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Arthritis Rheum. 1999 Aug;42(8):1601-8.

Macrophage migration inhibitory factor in rheumatoid arthritis: evidence of proinflammatory function and regulation by glucocorticoids.

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Monash Medical Centre, Melbourne, Australia.



Macrophage migration inhibitory factor (MIF) is a proinflammatory cytokine whose involvement in tumor necrosis factor alpha (TNFalpha) synthesis and T cell activation suggests a role in the pathogenesis of rheumatoid arthritis (RA). Antagonism of MIF is associated with marked inhibition of animal models of RA. Uniquely, MIF is inducible by low concentrations of glucocorticoids. We sought to investigate the expression of MIF in RA synovial tissue.


MIF was demonstrated in human RA synovium by immunohistochemistry, flow cytometry, enzyme-linked immunosorbent assay (ELISA), and reverse transcription-polymerase chain reaction (RT-PCR). Regulation of MIF expression was investigated by treatment of cultured fibroblast-like synoviocytes (FLS) with interleukin-1beta (IL-1beta), TNFalpha, or interferon-gamma (IFNgamma), and dexamethasone (DEX). Mononuclear cell TNFalpha release after exposure to FLS-conditioned medium was measured by ELISA.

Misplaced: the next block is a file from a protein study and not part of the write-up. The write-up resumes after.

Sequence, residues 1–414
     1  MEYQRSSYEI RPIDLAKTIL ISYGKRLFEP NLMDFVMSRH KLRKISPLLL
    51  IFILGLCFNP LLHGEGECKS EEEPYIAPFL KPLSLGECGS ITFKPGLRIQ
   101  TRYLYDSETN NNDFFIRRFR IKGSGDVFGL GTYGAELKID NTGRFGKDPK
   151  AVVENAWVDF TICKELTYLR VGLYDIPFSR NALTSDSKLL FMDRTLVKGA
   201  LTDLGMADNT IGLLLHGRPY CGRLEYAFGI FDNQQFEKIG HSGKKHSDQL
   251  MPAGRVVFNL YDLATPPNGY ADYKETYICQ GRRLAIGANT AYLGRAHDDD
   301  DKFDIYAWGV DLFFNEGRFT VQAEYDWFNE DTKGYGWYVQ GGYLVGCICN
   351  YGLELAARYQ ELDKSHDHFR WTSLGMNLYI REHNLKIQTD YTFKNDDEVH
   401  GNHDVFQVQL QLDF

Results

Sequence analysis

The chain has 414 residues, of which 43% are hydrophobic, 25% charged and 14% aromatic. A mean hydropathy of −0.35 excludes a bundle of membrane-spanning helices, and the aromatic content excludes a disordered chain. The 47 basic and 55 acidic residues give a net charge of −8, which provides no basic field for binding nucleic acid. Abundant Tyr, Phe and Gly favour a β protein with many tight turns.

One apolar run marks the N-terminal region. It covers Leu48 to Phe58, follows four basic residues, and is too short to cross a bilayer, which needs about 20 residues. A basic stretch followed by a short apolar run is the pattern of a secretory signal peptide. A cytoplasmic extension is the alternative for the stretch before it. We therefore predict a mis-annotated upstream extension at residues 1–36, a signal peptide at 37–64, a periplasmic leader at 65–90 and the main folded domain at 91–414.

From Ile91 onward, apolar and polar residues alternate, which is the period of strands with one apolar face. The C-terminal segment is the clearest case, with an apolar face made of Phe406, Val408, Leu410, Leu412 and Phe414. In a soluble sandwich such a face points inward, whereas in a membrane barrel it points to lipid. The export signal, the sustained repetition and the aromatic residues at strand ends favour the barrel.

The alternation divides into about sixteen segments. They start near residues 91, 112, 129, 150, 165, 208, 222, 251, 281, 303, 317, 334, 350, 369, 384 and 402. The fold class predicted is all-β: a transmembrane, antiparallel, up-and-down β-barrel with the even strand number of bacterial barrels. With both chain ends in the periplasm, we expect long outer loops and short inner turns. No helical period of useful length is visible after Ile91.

MIF was present in RA synovial lining CD14+ macrophages and FLS. Constitutive MIF messenger RNA (mRNA) expression was demonstrated by RT-PCR of RNA from unstimulated cultured RA FLS, which also released abundant MIF. Serum, synovial fluid, and FLS intracellular MIF were significantly higher in RA patients than in controls. Synoviocyte MIF was not increased by IL-1beta, TNFalpha, or IFNgamma. In contrast, DEX 10(-7)M significantly reduced synoviocyte MIF, while DEX 10(-10)-10(-12)M induced a significant increase in MIF and MIF mRNA. Peripheral blood mononuclear cell TNFalpha release was induced by culture in RA FLS-conditioned medium, and this induction was significantly abrogated by monoclonal anti-MIF antibody, suggesting that MIF is an upstream regulator of TNFalpha release.


These data represent the first demonstration of the cytokine MIF in human autoimmune disease and suggest MIF as a potential therapeutic target in RA.

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